Digital transformation means business change based on innovative data sources and technology. This episode examines how data, predictive analytics, Internet of Things, AI, and machine learning can power digital transformation and new business models.
Our guest is Mike Flannagan, who is Senior Vice President runs Analytics for software giant SAP. Flannagan is also responsible for product management for SAP's Leonardo. Michael Krigsman is an industry analyst and host of CXOTALK.
Dion Hinchcliffe and Michael Krigsman spoke with Flannagan at the SapphireNow conference in Orlando, held in May 2017.
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From the transcript:
(01:11) Officially I’m the Senior Vice President of products for analytics. And now that we have launched SAP Leonardo, I have also taken on the role of Head of Products for SAP Leonardo. And, we had a big announcement this morning by our CEO Bill McDermott.
(01:28) What is SAP Leonardo?
(01:37) It is a digital innovation system, but the idea behind SAP Leonardo is fairly simple. Everybody struggles with business problems, particularly now with the pace of change and the need for transformation of digital business. If you're in retail, problems that you have are not that dissimilar from problems that your peer companies have. And the solutions to those problems from a methodology standpoint and a technology standpoint also have a lot of commonalities. So why does every company have to feel like they’re reinventing the wheel? And Leonardo is intended to help accelerate digital transformation for companies by leveraging the SAP’s experience with other companies to help them solve the same problems using the same methodologies and approaches. Obviously, there’s some customization that’s involved in the company, but you start with a nucleus that is able to accelerate solving the business problem.
(04:46) Give us examples of some of the new data sources that are available to us?
(05:09) … you have a lot of really valuable enterprise data. I think the power of things like industrial IoT is adding to that some data from new sources, and so you think about data from sensors. We’ve got examples of train companies who outfit the brake systems of their trains with sensors so that they can measure break wear. In fact, my car has sensors on the brakes. It doesn’t send me an email, but it gives you a little display on your dashboard. Everybody can sort of relate to that little e example. Now imagine you’re managing like Trenitalia does to thirty thousand locomotives, and you’re trying to minimize the amount of time that you’re out of service for maintenance, both to decrease your downtime costs, but to improve your customer experience by having trains running on the tracks. The ability for them to just add some sensors to monitor a little bit of data about maintenance really gave them the ability to transform the business process around predictive maintenance.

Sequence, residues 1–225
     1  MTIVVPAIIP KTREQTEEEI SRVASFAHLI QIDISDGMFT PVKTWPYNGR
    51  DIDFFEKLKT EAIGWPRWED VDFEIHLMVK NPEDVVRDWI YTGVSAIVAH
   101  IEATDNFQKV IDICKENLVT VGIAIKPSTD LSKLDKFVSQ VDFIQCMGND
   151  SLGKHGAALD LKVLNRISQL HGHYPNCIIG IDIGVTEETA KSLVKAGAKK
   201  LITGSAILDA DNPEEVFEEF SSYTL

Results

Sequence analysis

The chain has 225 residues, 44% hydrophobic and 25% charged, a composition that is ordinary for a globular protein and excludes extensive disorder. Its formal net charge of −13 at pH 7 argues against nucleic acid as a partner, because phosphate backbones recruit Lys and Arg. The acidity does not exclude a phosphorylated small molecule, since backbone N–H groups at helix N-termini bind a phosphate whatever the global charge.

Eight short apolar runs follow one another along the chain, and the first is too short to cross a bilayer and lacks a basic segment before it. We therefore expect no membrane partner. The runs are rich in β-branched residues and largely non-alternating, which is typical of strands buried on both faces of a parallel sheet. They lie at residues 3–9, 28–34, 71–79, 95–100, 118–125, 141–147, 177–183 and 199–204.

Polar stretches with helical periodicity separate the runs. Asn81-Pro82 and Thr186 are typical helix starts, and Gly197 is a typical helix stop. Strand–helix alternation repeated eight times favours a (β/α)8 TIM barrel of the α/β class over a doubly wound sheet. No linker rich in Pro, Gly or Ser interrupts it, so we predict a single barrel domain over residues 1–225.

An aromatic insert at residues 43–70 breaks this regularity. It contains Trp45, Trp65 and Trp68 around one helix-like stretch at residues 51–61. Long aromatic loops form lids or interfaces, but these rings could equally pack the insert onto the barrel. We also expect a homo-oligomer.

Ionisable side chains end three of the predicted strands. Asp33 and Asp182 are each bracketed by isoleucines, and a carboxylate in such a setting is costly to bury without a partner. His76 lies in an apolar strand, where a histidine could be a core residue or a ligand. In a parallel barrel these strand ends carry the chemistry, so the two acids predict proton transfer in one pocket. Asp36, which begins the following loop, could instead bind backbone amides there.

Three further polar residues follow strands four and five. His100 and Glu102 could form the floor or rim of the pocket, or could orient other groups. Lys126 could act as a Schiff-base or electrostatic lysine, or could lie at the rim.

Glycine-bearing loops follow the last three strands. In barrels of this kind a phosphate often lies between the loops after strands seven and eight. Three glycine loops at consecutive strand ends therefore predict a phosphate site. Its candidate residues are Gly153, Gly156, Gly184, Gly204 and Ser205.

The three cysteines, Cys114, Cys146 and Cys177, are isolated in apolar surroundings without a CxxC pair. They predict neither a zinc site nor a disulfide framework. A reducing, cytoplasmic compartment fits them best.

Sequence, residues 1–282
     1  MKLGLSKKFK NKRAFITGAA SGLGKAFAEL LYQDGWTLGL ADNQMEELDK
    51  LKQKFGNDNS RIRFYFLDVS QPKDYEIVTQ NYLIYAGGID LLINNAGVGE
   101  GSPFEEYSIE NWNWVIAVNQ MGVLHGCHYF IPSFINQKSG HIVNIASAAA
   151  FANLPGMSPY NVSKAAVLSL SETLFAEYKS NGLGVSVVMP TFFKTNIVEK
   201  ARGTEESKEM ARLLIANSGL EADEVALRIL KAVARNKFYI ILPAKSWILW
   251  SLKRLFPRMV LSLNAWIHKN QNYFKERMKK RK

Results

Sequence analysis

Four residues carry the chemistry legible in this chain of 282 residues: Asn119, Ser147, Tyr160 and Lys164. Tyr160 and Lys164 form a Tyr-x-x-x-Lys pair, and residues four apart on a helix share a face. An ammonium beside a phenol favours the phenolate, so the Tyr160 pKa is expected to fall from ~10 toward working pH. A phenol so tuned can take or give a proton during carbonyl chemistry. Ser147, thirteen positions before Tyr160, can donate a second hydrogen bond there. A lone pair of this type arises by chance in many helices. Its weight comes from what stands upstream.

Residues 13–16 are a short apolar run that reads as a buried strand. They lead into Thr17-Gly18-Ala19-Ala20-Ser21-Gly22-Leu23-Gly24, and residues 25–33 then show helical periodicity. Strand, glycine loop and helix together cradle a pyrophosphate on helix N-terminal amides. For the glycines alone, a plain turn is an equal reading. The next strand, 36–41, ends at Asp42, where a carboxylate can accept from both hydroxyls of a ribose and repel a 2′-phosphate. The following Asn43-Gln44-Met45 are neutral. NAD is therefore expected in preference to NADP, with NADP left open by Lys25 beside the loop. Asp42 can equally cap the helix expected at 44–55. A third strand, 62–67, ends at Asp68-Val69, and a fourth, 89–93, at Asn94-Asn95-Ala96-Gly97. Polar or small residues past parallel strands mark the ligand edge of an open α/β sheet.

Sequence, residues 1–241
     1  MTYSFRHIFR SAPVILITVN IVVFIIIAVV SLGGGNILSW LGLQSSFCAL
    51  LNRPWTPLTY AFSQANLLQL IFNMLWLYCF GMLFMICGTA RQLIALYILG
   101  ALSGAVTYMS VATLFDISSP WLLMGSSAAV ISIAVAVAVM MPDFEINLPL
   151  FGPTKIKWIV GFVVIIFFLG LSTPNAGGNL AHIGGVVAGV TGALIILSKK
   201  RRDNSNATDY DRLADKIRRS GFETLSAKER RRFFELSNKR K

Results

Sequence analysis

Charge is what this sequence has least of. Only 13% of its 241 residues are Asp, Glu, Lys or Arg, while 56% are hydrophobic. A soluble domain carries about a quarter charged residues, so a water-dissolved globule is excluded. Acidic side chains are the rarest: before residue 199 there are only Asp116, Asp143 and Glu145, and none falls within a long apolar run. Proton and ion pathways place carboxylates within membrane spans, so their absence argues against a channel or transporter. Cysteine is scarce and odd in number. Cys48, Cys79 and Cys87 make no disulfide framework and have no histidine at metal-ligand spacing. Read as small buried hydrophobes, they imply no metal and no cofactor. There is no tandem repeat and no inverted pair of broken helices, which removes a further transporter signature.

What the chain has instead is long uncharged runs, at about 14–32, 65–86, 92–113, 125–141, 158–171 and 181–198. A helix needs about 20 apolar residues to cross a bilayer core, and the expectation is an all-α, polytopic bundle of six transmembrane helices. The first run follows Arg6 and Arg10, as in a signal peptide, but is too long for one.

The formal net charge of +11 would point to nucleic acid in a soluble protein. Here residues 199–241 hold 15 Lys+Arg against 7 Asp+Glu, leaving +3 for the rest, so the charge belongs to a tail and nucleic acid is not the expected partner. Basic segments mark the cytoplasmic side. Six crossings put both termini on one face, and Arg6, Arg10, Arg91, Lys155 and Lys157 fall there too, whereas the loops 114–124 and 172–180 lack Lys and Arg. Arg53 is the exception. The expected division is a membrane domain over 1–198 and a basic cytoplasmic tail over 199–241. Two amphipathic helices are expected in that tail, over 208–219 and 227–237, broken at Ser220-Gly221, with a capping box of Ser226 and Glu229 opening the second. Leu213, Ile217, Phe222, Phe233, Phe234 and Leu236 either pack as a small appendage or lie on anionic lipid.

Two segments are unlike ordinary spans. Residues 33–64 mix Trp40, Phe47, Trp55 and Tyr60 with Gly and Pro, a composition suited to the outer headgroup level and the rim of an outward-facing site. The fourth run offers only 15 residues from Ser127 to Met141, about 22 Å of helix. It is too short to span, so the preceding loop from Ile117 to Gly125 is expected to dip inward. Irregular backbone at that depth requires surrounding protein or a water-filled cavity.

(06:05) Sensors are really one example. Wearables are a new data source. And you know, I think if you consider those types of data sources, you could imagine what the future might hold of all kinds of different wearables, embedded sensors… Video is becoming a really powerful new data source; deep learning starts becoming a more mature technology. So, it's an incredibly interesting time for data people.
(09:25) There are advances in analytical techniques, things like machine learning; you know, lots of industry buzzwords; excitement around machine learning, these days. The power of machine learning is that it really gives you the ability to go back into data that may be two, three, ten, twenty years old, and take all of that history that you have about customers and store operations, and a variety of different things, and turn that into training data, right? To teach the machines what a customer looks like. What does a good customer look like? What does a bad customer look like? What does fraud look like? Those sorts of things require processing the quality of data from which you learn that a human would be incapable of dealing with, right? So it has to be about using the power of machines.
(10:15) And then, obviously, there are examples in manufacturing here you take that learning and turn it into artificial intelligence; things like robots. But, there are also examples in customer service, for example, with chatbots, where now I want to ask a few questions to my bank, and instead of having to have a teller answer the questions, I can just go online and chat and get automated responses that are amazingly accurate for the questions I’m asking.